That is deeply concerning possibility: but it is not unprecedented. This part of the borough has traditionally attracted the attentions of political activists intent on causing trouble, most recently from the Neo-Nazis trying to march through Cricklewood last August, to the blackshirts who countered stiff opposition from locals in Hendon in 1935, a memory passed onto Mrs Angry from an elderly friend who could remember Mosley trying to recuit supporters there, and along the Edgware Road, at that time.
Another elderly friend and neighbour could remember the battle of Cable Street, one year later, in which Mosley and his thugs tried to terrorise the Jewish population of Whitechapel.
If only Mr Zeid, and all the other UKIP candidates, could try to read some history, and then sit and think through the logical consequences of their blinkered view of the world.
But they never do think anything through, do they?
UKIP wants to distance itself from accusations of racism, and intolerance. Voters in multi cultural, happily diverse Hendon can and will make up their own minds in May, as to whether such accusations are fair.
In the meanwhile, all hopes rest on the Inquiry, set to begin on the 20th of January.
One of the local residents present at Thursday's meeting was downbeat about the prospects of any good coming from it.
After so many years of delay, and deceit, and betrayal: who could blame him.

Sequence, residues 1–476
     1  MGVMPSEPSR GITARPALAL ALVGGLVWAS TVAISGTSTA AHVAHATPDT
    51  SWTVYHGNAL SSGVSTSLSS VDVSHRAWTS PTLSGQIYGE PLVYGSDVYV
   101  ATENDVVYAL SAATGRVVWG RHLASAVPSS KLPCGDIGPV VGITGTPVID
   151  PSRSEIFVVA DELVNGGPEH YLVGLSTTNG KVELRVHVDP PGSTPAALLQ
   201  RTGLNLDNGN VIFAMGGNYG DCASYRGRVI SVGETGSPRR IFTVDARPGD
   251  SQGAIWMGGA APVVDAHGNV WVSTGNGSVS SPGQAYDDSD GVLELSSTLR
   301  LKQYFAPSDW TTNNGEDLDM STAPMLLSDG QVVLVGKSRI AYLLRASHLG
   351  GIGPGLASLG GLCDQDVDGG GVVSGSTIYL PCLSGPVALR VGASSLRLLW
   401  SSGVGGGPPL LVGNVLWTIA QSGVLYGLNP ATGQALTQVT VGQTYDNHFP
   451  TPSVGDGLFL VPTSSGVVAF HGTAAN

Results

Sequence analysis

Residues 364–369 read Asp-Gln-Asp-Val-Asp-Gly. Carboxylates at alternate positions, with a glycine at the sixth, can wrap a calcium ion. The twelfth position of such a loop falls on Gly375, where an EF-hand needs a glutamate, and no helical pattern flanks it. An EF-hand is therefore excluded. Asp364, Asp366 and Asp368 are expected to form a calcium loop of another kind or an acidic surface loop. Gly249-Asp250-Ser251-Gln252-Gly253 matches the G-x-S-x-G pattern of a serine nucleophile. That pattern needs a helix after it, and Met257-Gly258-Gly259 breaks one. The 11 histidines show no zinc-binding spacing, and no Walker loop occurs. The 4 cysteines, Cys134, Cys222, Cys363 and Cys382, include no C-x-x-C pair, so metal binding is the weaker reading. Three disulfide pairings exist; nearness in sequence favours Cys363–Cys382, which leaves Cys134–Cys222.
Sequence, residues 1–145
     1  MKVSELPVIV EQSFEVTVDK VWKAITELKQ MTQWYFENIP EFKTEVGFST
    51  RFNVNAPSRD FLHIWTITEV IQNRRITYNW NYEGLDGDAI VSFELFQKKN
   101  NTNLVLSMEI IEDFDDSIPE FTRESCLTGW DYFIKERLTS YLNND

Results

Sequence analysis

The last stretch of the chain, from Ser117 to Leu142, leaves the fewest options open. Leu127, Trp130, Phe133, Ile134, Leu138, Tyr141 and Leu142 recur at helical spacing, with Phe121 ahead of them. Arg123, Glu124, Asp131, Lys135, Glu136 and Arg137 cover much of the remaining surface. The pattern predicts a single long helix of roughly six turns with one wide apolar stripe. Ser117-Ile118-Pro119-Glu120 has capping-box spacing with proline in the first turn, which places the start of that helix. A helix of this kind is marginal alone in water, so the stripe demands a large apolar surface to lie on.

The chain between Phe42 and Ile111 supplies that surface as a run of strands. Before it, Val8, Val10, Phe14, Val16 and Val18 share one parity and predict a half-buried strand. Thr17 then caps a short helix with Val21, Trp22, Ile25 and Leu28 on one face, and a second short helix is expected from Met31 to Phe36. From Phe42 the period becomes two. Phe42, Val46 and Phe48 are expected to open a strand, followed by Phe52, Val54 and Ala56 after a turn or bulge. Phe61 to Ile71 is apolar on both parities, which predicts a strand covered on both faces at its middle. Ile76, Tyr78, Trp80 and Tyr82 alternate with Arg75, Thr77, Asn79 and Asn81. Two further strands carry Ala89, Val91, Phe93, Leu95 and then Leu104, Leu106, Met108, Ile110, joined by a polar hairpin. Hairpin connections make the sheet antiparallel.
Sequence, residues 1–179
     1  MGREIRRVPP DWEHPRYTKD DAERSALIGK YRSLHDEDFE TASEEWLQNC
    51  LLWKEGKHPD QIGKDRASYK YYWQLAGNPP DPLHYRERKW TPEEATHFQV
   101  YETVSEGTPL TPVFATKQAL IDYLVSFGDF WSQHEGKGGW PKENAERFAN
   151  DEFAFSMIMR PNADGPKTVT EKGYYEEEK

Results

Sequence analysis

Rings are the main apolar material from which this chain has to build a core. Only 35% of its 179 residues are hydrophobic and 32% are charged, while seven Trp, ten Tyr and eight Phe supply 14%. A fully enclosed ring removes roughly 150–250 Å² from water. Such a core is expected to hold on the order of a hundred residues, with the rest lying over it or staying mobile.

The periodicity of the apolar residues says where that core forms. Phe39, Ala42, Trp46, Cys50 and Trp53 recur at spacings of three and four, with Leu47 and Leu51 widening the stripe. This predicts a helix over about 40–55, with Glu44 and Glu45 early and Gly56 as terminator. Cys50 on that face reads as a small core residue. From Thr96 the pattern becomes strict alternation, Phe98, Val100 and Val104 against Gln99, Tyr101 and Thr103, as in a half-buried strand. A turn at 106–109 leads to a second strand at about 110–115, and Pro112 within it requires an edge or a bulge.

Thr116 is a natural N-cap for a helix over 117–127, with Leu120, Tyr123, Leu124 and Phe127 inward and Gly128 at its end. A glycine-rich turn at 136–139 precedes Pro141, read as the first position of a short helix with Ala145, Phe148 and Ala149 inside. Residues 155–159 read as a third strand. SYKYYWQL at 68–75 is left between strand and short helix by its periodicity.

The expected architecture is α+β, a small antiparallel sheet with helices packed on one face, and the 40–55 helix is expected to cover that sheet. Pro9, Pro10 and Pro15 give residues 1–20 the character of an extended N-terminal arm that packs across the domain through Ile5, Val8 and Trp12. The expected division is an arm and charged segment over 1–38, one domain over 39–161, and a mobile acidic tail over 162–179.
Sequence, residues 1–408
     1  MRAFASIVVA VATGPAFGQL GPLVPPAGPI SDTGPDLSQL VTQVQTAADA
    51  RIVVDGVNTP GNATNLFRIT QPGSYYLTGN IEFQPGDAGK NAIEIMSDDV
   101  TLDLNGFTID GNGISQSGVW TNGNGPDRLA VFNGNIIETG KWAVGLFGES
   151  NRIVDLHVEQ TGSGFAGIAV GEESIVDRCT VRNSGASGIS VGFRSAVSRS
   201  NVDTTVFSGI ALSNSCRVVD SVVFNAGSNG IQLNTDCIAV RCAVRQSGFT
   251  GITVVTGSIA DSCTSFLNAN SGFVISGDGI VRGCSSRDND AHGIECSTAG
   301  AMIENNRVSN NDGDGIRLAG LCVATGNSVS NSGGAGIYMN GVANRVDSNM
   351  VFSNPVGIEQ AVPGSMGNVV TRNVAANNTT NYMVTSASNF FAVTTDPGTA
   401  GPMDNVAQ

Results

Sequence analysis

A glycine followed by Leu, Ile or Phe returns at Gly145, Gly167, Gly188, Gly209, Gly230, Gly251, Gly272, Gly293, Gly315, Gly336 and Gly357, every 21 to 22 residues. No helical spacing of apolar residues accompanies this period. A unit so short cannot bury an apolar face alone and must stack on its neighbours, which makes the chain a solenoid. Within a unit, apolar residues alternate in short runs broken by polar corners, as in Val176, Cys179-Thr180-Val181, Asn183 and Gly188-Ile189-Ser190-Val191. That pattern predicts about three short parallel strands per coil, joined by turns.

Still, he said: we're not going down without a fight.
And that in essence is what is so bloody admirable about the people of this estate: they've heard it all, had it up to here, and they hold no faith in any prospect of justice, anytime soon.
But they won't do what the Tories want them to do, and give in, and give up.
This is West Hendon, their West Hendon, where a house is more than just a home, and where a community still stands, defiant in the face of the bulldozers, the profiteers, and the men with cash stuffed in their back pockets, waiting to buy their birthright from under their noses.
The Luftwaffe couldn't wipe them out, the blackshirts were chased back to Mayfair, and UKIP will be sent off too, if they try to muscle in on this territory.
The balance of power is shifting back into their hands, even if they, and we, don't quite know it yet.
Our Tory politicians may be too scared to come here, and face the people whose lives they have so easily written off, but these issues cannot be avoided for ever - and now those sins of omission are coming back to haunt them.
Watch what happens, in the next few weeks: it might just point us in a direction we never thought we'd reach - a way out of Broken Barnet, maybe.